More and more law enforcement agencies across the country are outfitting their officers with body-worn video cameras and report better policing and public behavior as a result.
But Jim Bueermann, president of the Police Foundation, a Washington, D.C. organization that helps improve policing through research and training, said “There’s more we don’t know about the impact of body worn cameras than what we do know.”
Read the recent article on how police body cameras change our perception of right and wrong.
Here are some of those questions and some answers:
Privacy: “One important aspect to this that I don’t think many departments have grappled with,” said Catherine Wagner, a staff attorney with the ACLU of Southern California, “is that it’s really the capability of body cameras to be tools of surveillance. Very few departments have policies about this.” She worries, for instance, about peaceful protesters being taped using facial-recognition software and lists made of those protesting.
“You can conceive of a world where body-worn cameras are more like automated license plate readers and are logging information as officers go about their business instead of being used to record discreet incidents,” Wagner said.
Public access: Some agencies consider the videos to be part of an investigation and therefore unavailable to the public. Others release them on approval of the police chief, while others consider them for release through the Public Records Act.
Wagner said the ACLU believes that a person being videotaped should be able to view the tape.
“A lot of public support of body worn cameras is based on the belief that the public will get to see the footage. If only police get to see the footage and it never gets to the public, then that’s not transparency and accountability,” she said.
Gary Schons, a lawyer at Riverside law firm Best Best & Krieger, discussed the issue of varying policies in a brief for the California District Attorney’s Association:
“What has emerged is a realization that existing ‘freedom of information’ and public record laws, most of which either require unfettered public access or afford police agencies complete discretion over permitting or denying public access, are inadequate to the task of balancing the competing interests raised by the question of public access to BWC data. As legislators wrestle with these policy issues, and courts sort through the public records statutes, law enforcement executives and prosecutors will be called on to improvise policies that adequately and fairly balance the competing interests at stake.”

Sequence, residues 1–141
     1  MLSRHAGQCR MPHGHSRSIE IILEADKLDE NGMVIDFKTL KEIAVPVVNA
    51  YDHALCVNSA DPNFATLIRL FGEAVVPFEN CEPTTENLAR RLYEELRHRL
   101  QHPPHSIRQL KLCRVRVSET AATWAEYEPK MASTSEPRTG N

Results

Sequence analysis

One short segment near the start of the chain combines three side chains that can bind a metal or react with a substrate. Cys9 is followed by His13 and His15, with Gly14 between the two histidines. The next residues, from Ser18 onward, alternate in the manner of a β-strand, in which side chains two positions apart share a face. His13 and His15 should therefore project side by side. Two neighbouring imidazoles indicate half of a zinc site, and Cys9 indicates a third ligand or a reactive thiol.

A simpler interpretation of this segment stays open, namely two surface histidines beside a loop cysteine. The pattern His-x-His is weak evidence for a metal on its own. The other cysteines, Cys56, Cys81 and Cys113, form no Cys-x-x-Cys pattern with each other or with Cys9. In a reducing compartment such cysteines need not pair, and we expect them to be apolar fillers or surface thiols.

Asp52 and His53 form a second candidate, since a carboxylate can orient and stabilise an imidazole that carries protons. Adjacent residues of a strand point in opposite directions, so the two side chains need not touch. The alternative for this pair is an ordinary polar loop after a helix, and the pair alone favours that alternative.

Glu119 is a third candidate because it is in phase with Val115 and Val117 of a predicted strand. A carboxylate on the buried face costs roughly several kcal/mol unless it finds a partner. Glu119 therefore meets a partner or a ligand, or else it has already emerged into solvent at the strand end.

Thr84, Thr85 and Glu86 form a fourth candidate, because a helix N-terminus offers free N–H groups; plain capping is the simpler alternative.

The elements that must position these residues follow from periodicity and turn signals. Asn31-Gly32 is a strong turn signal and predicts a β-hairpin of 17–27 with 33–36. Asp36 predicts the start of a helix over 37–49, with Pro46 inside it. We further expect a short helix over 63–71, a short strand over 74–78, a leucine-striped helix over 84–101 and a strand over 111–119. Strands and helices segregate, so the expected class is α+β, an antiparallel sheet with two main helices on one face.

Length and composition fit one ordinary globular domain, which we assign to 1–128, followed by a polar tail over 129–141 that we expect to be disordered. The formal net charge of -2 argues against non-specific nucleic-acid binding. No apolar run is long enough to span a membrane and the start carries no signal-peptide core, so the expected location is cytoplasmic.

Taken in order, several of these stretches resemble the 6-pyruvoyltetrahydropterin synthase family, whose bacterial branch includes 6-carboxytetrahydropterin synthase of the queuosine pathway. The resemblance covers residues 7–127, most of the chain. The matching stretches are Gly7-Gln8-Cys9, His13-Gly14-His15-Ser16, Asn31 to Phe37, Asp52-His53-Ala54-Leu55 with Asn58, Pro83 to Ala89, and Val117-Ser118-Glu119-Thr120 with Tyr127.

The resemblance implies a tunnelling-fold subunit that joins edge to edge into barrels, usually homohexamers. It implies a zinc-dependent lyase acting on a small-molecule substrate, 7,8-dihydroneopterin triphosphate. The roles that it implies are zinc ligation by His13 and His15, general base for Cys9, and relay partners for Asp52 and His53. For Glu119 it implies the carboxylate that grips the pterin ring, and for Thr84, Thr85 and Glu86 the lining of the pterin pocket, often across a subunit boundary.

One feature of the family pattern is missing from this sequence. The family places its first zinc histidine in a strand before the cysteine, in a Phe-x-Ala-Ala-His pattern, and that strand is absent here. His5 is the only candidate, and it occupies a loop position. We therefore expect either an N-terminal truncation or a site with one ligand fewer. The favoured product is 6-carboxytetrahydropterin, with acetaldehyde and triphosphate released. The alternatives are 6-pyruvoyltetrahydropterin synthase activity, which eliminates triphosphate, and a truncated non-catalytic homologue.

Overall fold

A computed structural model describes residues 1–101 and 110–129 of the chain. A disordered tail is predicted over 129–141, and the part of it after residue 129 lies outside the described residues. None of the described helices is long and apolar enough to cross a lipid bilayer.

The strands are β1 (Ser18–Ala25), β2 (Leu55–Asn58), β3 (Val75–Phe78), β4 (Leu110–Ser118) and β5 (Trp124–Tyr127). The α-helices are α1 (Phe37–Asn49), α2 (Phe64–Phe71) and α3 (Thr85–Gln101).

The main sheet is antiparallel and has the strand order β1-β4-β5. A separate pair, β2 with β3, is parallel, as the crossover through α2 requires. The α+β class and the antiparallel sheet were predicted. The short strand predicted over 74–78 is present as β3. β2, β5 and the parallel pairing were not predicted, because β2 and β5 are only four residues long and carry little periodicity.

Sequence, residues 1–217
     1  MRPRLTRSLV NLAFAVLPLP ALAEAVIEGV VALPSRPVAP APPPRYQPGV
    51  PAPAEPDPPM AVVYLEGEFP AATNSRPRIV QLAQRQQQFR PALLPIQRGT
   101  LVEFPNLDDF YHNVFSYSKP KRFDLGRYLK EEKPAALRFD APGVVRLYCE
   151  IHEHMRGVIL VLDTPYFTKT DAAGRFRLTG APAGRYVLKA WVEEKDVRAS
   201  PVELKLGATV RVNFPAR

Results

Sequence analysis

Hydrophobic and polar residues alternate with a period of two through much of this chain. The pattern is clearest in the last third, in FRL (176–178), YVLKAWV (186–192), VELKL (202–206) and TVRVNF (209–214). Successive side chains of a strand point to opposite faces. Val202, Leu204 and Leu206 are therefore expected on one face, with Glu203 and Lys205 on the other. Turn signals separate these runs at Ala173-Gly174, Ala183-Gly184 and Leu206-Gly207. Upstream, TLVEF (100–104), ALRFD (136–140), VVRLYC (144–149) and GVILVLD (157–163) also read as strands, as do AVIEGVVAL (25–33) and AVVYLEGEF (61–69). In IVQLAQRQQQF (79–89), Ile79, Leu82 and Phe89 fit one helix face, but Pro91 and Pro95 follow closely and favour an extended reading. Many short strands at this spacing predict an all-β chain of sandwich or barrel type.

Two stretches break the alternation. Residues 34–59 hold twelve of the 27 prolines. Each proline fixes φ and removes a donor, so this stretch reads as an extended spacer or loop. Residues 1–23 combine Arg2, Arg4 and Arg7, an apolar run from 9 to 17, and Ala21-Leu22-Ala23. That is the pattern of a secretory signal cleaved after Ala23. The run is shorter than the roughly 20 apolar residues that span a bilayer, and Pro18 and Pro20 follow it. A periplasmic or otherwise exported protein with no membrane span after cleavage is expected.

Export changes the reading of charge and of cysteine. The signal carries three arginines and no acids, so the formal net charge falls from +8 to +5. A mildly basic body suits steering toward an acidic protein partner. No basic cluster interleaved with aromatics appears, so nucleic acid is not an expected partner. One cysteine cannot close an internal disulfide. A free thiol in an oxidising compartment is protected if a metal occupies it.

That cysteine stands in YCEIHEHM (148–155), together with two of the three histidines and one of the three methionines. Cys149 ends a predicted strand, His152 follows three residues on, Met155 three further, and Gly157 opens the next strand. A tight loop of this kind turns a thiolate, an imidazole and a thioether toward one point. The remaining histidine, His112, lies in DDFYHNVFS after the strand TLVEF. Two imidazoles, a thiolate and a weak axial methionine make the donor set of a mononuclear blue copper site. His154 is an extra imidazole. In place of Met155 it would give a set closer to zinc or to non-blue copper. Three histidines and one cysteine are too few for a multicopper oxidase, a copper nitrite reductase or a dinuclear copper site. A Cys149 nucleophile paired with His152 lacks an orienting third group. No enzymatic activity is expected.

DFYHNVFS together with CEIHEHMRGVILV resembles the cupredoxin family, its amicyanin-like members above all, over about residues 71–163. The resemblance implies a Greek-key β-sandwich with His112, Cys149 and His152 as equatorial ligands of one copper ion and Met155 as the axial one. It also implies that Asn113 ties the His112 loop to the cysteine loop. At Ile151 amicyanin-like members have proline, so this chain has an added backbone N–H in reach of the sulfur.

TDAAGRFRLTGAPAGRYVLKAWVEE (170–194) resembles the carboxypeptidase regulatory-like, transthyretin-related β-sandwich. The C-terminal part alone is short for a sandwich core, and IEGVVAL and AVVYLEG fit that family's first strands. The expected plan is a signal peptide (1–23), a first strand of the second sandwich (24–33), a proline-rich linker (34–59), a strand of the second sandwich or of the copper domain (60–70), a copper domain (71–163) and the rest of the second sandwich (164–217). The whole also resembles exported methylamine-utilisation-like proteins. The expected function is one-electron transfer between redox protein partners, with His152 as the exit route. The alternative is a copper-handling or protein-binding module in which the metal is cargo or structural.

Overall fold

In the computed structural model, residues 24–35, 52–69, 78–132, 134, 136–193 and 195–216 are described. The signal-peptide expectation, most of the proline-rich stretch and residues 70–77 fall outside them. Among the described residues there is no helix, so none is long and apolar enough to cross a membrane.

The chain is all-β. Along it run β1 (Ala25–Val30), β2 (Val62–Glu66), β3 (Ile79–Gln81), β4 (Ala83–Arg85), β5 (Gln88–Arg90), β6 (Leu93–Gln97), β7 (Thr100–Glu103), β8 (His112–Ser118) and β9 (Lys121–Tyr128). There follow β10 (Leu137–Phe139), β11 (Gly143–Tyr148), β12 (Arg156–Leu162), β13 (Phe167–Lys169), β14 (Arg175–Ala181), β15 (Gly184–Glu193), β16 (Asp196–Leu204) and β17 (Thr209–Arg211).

Best practices: Bueermann, a former Redlands police chief, said there are 25-30 studies of body cameras under way. “It indicates how the scientific community feels about this, and it’s a recognition of how little is known about the impact of these cameras,” he said.
There are some model policies supported by the National Associations of Chiefs of Police, Bueermann said, but there remain variations in policies as to when officers must turn on or off their cameras. In Beaumont and some other agencies, it is left to officers’ discretion. Beaumont Commander Greg Fagan said it’s difficult to expect an officer, in cases where he is under extreme stress, to always remember to flip the switch.
Wagner, of the ACLU, is concerned about agencies that are using the cameras – not in a pilot program – and have not developed a policy such as when the cameras are to be turned on and off. Or when or if video would be released and when officers can review footage before they give a statement.
Effect on officers: This is one of the big unknowns, Bueermann said. Do cameras change officers’ behavior? Does it change job satisfaction or discourage officers from being proactive? Do they believe they are being spied on by their supervisors? Is the video harmful to victims of crimes and others police interact with?
Usefulness in court: The videos don’t show key events that might take place before the cameras are turned on. Riverside-based defense attorney Virginia Blumenthal said there are also concerns about videos being altered “but not in this area.”
Blumenthal said she expects body camera footage to help resolve cases without need of a trial.
“Whether there is probable cause for a stop, whether there was resisting arrest, whether there was undue violence of the accused. Many times those issues can be resolved by those dash cameras, and I can see how it can be resolved by the body cameras,” she said.
Cost: Fagan, the Beaumont commander, said some agencies are rethinking their camera plans in light of high video-storage costs. “Once they get into it, (they discover) the costs are so astronomical that they are unable to afford it.”
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